On being a writer...

A celebration of the writing process, of being a writer, of all the weird things that pass through a writing brain...

Sunday, 8 July 2012

Wimbledon versus The Archers

How we love a bit a drama.  The roof being used on Centre Court caused endless chat and speculation (partly to fill time) partly because it all added to the tension.  And of course in fiction, drama is what makes the book tick along.  I'm reading Hollinghurst's The Stranger's Child at the moment, which I love, and is a series of tiny dramas and unravellings of plot and revisiting and rediscovery.  It's been described as a kind of Middlemarch and so it is.

But these dramas have to be earned, which is why, in my humble opinion, The Archers has gone so sadly adrift and is likely to implode.  You cannot impose dramas from the air, as it were.  They have to be grown and nurtured and paced, because if you have too many, you just get sick, like eating too may chocolate bars - or seeing Murray play a final every day.  And there's as much drama in a slug eating a prized cabbage, if the moment is well enough earned, as there is in all this implausible stuff about giving evidence in court.

So give us a break, earn the drama.


  1. I guess by virtue of the fact that you posted this on a Sunday that you have listened to the omnibus edition of the Archers, Katherine? Whilst I agree with you that drama has to be built, allowed to smoulder and then sometime burst into life I think that is a problem for the writers of soap dramas (yes I include the Archers in this description nowadays) in that they have to hold their audience over a series of daily broadcasts that incentivises them to tune in for the next episode. The need to provide their audience with instant gratification becomes ludicrous on occasions. The better example is Coronation Street where last week a 'taxi war' started and was all over in a week. If you watched it in one run instead of six episodes it was little more than shallow farce - but of course the writers are building to a mini drama at the end of each epiosode. I think we can forgive the writers given these pressures providing they also include the 'slow burners' that build in intensity and excitement. Actually I think the Adam/David/Ruth story is building quite nicely in the Archers except that when you listen to it in one omnibus edition you can't help noticing the gaps and implausibility. I mean, would the Police be so 'hands off' in such circumstances? And would Ruth do such a 180 degree turn on the basis of something Kenton said? You can cover all this in a book or play or even a film but it's so much more difficult when you've got less than 15 minutes broadcasting. Maybe I am being too apologetic for them. I do think the quality of their writing has diminished and we are beginning to lose the identity and compass of these long running 'soaps'. I hope not.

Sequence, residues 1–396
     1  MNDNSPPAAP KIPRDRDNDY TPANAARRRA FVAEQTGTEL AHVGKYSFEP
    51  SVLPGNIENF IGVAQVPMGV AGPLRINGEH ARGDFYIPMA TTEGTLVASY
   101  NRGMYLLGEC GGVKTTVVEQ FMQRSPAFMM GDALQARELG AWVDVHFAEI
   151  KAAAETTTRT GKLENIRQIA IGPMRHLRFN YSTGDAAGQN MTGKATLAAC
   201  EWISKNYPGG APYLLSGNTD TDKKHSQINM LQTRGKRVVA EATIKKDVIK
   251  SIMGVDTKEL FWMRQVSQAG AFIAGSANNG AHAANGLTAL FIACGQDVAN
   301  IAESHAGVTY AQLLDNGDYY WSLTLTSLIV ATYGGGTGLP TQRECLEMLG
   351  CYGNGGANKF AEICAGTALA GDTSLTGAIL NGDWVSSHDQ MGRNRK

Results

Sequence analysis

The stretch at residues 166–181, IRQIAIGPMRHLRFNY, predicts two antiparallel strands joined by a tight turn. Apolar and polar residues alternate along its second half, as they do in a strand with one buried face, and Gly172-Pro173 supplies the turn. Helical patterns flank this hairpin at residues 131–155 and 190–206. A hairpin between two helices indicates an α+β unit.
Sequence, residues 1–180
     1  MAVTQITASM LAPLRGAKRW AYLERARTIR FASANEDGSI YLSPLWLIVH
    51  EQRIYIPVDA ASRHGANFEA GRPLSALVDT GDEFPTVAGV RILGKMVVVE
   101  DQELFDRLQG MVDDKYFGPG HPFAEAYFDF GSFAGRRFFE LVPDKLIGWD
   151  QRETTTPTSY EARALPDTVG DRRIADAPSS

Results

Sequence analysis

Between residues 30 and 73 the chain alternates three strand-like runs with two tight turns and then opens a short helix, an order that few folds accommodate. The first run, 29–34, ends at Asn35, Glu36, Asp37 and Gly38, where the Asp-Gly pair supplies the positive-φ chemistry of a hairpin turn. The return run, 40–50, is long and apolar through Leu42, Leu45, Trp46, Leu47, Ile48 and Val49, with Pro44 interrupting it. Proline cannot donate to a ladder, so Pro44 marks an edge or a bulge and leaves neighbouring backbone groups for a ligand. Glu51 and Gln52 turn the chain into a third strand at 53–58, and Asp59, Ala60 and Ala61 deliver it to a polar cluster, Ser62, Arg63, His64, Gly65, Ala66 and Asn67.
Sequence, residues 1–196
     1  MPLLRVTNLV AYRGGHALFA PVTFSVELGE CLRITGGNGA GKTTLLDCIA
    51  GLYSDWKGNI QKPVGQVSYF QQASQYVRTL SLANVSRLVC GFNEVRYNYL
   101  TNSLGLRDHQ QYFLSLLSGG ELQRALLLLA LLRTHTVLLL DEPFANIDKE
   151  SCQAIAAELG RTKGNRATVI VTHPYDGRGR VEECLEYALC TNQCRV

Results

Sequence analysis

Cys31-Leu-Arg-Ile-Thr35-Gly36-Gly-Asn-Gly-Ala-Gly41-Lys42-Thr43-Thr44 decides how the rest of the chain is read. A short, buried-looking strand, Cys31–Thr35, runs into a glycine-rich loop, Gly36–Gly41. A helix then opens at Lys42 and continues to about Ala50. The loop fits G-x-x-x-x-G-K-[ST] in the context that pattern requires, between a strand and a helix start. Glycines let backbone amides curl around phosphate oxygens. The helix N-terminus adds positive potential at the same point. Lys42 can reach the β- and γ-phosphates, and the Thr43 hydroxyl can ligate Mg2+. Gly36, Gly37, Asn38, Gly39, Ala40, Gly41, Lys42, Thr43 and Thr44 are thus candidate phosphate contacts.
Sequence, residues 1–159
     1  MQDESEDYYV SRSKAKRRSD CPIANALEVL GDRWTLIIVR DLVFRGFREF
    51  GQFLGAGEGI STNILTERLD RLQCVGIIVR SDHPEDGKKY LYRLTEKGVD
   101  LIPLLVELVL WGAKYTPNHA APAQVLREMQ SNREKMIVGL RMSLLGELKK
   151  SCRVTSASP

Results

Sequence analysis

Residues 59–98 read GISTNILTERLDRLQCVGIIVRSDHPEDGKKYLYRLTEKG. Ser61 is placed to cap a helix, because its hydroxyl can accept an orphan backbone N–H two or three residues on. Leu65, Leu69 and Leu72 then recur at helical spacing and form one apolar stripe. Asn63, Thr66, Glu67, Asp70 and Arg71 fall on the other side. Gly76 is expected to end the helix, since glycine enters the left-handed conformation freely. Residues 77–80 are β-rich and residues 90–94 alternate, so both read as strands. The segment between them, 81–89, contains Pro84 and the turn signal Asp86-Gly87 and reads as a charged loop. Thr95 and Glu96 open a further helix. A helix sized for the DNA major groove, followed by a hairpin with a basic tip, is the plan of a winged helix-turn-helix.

2. Yes, but somebody said to me about Wimbledon that she has no interest in tennis the rest of the year but there's something awfully restful about watching that ball for a couple of weeks, in a contained space. And so with The Archers. The whole point is, we don't need high drama all the time, we need little blips and the odd surprise, a joke, a sadness, and then, maybe cumulatively, something extraordinary.